Columnist and trained counsellor Fiona Caine tackles a very common dilemma – grandparents who are over-generous and say yes to everything!
“My mum helps me out by babysitting a couple of times a week, which leaves me free to work part-time. The problem is that she’s making it very difficult for me to bring up my daughter properly. She spoils her all the time (against my wishes) and tries to take over whenever she’s there at the same time as me.
“She will actually push me aside if my daughter needs anything, and if I say ‘no’ about something, my daughter has already learned that if she asks Nana, it will be a yes!
“The odd thing is she used to be really strict with my brother and I, which, while we didn’t like it at the time, worked well for us. We both appreciate the boundaries now and think it’s turned us into better people. My daughter, though, is in danger of turning into a little brat and I’m finding it hard not to lose my temper with my mum.
School holidays can be a difficult time for kinship carers who often receive limited, if any, financial allowance and are plunged into poverty. Our advice team has pulled together lots of ideas for kinship carers who are worried about the summer holidays: https://t.co/xaVVSEoped pic.twitter.com/2INZweQ8VS— Grandparents Plus (@GPlusinfo) June 25, 2019
“I know I should be grateful for her support, but other people are beginning to comment on the change in my daughter’s behaviour. What do I do?”
“I’m afraid that being a grandparent and spoiling the child tend to go together – grandparents have been notorious ‘spoilers’ for longer than I can remember. They do it because they enjoy it – with their own children (you), they had to do the hard work. Now they can just have fun! That doesn’t make it right, but it may go some way to explaining it. The problem is, as you fully realise, they don’t have to suffer the consequences of their indulgence. Think about how often have grandparents said: ‘And then you can just hand them back!’
“As your mother is supposed to be helping you, losing your temper isn’t going to help you or your child in the long term. Your mum is obviously thrilled at being involved so, somehow, she needs to understand your beliefs about childcare and be willing to go along with them.
“So how do you go about getting her to respect your rules? Simply asking her to stop spoiling your child probably won’t get you very far. You need to find a time when you and your mum can talk things over together without anyone else, particularly, your child, interrupting. If she thinks she’s part of the solution rather than part of the problem, she’s more likely to listen.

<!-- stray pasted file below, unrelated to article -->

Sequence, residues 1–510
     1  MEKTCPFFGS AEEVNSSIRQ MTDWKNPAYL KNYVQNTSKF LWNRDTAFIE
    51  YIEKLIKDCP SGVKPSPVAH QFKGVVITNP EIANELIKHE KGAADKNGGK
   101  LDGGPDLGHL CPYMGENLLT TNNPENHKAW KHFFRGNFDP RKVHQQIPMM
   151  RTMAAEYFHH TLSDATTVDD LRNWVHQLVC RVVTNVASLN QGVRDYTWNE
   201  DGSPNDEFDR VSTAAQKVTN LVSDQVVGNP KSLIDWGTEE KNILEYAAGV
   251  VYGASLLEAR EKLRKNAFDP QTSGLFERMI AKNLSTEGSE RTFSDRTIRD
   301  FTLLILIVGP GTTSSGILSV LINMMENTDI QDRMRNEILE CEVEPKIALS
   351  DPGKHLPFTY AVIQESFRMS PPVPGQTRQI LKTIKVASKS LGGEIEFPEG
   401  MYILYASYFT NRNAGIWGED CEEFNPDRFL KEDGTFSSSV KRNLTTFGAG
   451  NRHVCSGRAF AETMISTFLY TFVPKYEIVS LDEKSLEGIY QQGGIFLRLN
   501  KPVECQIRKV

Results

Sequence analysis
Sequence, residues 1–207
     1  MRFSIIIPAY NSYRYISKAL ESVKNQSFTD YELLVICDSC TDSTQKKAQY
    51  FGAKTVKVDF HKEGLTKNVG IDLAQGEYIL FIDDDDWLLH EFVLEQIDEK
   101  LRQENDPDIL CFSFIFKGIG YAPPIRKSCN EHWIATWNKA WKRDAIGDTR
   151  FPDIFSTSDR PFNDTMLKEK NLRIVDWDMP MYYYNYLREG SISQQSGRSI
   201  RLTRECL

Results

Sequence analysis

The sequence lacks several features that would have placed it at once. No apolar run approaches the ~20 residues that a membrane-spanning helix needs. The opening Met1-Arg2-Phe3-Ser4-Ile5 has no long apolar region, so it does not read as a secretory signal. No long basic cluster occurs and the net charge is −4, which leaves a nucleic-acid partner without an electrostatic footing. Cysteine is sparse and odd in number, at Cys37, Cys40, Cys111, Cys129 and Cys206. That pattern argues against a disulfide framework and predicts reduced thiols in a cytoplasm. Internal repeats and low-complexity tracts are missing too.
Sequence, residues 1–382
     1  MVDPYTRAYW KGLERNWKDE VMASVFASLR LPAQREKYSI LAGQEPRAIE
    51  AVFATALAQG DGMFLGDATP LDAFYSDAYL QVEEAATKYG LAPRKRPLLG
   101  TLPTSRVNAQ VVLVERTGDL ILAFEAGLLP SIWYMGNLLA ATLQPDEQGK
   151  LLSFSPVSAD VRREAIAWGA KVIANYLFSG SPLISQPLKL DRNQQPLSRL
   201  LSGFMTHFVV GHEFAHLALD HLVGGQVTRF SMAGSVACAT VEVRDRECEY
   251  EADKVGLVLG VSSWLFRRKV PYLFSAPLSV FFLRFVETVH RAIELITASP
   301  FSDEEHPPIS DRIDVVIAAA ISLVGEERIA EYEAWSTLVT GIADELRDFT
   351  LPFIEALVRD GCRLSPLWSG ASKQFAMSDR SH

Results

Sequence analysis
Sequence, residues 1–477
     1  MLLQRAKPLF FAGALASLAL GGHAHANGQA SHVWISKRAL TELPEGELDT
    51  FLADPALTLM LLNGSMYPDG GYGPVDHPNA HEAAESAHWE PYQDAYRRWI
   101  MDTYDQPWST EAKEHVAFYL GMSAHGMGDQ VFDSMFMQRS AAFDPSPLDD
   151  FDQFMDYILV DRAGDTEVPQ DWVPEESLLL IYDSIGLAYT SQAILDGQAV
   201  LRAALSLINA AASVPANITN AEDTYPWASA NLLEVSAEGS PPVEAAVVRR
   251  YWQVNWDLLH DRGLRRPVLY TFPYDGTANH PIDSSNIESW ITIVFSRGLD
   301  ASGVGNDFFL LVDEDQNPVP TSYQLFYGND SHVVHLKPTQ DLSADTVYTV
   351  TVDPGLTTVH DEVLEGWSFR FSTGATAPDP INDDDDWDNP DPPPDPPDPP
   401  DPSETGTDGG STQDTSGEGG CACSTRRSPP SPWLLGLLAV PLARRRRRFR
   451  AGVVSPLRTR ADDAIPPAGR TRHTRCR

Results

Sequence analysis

“You are going to have to accept that she is going to want to indulge your child sometimes, but explain your concerns about behaviour. Point out what a good job she did in bringing you up and tell her you want the same for your daughter.
“Think about what is most important to you – the basic rules on which you really cannot compromise – and make those very clear, but ask her what her rules were for you as a child too. Getting her input into your daughter’s up-bringing may help to remind her of her own values once more.
“You may have to make up the odd little white lie if you clash over something you feel is important but that she doesn’t recognise as such – unhealthy snacks, for example. Tell her your partner’s family has a history of bad teeth so can she please limit sweet snacks (make sure your partner knows this!).
Families can often go through very difficult times and having someone to talk to is crucial, we can help, you can email us for support and advice at firstname.lastname@example.org or call us on 0808 800 2222 pic.twitter.com/tdUr5pPECZ— Family Lives (@FamilyLives) July 2, 2019
“Obviously, things to do with your daughter’s wellbeing and safety are not up for discussion. She MUST be buckled up properly in the car and not allowed to sit on someone’s lap, for example. On such matters, you can lay down the law and, if necessary, threaten to withhold visits until your mum agrees with you.
“Finally, your daughter needs to be taught the difference between grandma’s rules and yours. She can learn quite early on that the two different places have different rules, and special treats like missing naps and sweets shouldn’t be expected at home. Be willing to make some compromises but, if your mum refuses to listen to you and your needs, you may have to get tough, however hard that may be for you in terms of childcare.”
:: If you have a problem you need help with, email Fiona by writing to email@example.com for advice. All letters are treated in complete confidence and, to protect this privacy, Fiona is unable to pass on your messages to other readers. Fiona regrets that she cannot enter into personal correspondence.
- Press Association